Orchestration support announced on DockerCon

Dec 4, 2014 21:46 · 550 words · 3 minutes read docker


The philosophy behind docker is that in order to be solved, a large problem has to be divided into its root problems. One can then proceed by solving every one of these problems step by step. Additionally all elements of the solution need to communicate through a common app.

Docker has always been a tool with a single purpose: the creating, transport, and running of images. Until today there where several issues with docker that make using it somewhat trying at times. It lacked in capabilities for orchestration which is categorized by:

  1. Installation of a docker host from scratch;
  2. Clustering of multiple docker hosts to spread resource utilization over the cluster;
  3. Managing inter-container dependencies at runtime.

Today this changed as Docker Inc. announced a new set of tools.

Provisioning: Machine

Machine provides a one step installer for creating a new docker host on your local machine, a publicly hosted cloud, or a private cloud. It will automatically provision a new machine and set the environment variables such that any following docker command runs on the newly created host. This is very similar to what boot2docker provides.

There are several engines for provisioning in different platforms such as:

  • VirtualBox
  • VMWare
  • AWS
  • Microsoft Hypervisor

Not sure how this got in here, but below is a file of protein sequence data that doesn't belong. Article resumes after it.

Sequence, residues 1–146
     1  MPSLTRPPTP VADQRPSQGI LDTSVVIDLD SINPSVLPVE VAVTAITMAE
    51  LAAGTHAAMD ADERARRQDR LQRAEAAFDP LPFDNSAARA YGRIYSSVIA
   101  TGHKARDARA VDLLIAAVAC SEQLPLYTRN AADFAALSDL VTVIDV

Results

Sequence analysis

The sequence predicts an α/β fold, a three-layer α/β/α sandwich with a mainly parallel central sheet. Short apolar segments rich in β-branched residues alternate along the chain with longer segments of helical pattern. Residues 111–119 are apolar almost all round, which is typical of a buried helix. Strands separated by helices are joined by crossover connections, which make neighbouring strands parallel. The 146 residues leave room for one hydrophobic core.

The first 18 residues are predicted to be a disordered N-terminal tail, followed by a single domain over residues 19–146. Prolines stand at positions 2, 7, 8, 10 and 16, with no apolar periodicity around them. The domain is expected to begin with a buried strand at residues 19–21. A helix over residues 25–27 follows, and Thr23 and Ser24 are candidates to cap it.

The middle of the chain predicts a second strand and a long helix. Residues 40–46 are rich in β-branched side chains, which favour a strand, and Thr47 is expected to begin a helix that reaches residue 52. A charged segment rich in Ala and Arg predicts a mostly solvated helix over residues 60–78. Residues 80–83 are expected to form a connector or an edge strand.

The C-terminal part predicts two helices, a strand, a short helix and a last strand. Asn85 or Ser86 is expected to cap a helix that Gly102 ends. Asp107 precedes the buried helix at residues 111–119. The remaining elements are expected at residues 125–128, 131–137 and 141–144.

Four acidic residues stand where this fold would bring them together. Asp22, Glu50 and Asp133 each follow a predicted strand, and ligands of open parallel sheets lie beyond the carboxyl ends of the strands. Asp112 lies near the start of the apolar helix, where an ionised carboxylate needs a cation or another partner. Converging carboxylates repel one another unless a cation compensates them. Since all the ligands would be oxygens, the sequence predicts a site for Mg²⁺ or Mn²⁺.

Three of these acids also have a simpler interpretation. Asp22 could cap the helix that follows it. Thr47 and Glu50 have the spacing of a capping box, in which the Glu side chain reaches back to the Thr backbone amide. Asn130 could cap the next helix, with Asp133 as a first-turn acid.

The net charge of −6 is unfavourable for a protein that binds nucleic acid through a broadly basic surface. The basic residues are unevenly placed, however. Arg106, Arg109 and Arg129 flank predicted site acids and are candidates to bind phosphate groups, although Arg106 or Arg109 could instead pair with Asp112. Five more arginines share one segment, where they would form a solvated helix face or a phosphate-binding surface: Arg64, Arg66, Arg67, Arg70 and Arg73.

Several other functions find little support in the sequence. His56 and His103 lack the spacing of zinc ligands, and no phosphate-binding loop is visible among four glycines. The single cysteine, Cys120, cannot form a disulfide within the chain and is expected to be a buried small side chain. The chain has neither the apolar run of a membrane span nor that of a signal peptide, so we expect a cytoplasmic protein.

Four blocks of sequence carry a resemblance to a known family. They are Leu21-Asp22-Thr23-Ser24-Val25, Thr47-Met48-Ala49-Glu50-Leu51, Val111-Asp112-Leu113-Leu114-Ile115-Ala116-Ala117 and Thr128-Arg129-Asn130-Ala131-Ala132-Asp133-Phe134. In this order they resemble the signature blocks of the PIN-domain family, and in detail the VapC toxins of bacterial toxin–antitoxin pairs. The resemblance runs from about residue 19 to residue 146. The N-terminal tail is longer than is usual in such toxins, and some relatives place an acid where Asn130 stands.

• etc. (todo link)

More information can be found at github.

Clustering: Swarm

Ideally you want to control a cluster of docker hosts with the same interface as you control a single host. In other words the interface needs to be transparent or standardized. With swarm you can.

All existing commands on docker work with the swarm as well. Just point your docker binary to the swarm proxy and you are controlling the cluster instead of one single machine. Swarm is location/data center aware and also incorporates resource management. The default strategy is to use as little hosts as possible. The strategy places several lighter containers on the same node in order to reserve other nodes for heavier containers.

The main features are:

  1. Resource management
  2. Scheduling honoring constraints
  3. Health checks on the cluster and nodes
  4. Supporting the entire docker interface

Additionally Mesos can be used to provide the scheduling. Docker Inc. also announced that Mesos will be a first class citizen in Docker. The goal is to be able to run docker containers along side other Mesos jobs in the Mesos cluster.

More information also on github.

It appears that swarm is not supported yet by machine, sadly.

Managing inter-container dependencies: Composer

Setting up applications that require multiple containers to function correctly is difficult. Keeping them running is even harder. Docker proposes the Docker Composer.

Traditionally it ran on one single machine and, until today, orchestration needed to be done manually or through external tools.

Docker Hub

Docker Inc. also announces an enterprise version of the Docker Hub. It is able to run wherever the enterprise needs it to run and comes with safe 1-click upgrades. Enterprises are adopting containers as development is up to 30 times faster with halve the error rate.

Some fun facts:

  • 100000 contributors to docker hub
  • 157 TB of data transmitted each month
  • 50 TB of data stored

The timeline for 2015:

  1. Increase performance of pulls
  2. Increase transparancy by adding and improving on status pages
  3. Engage in partnership with Microsoft. Most notably this will result being able to run Linux on Microsoft Azure.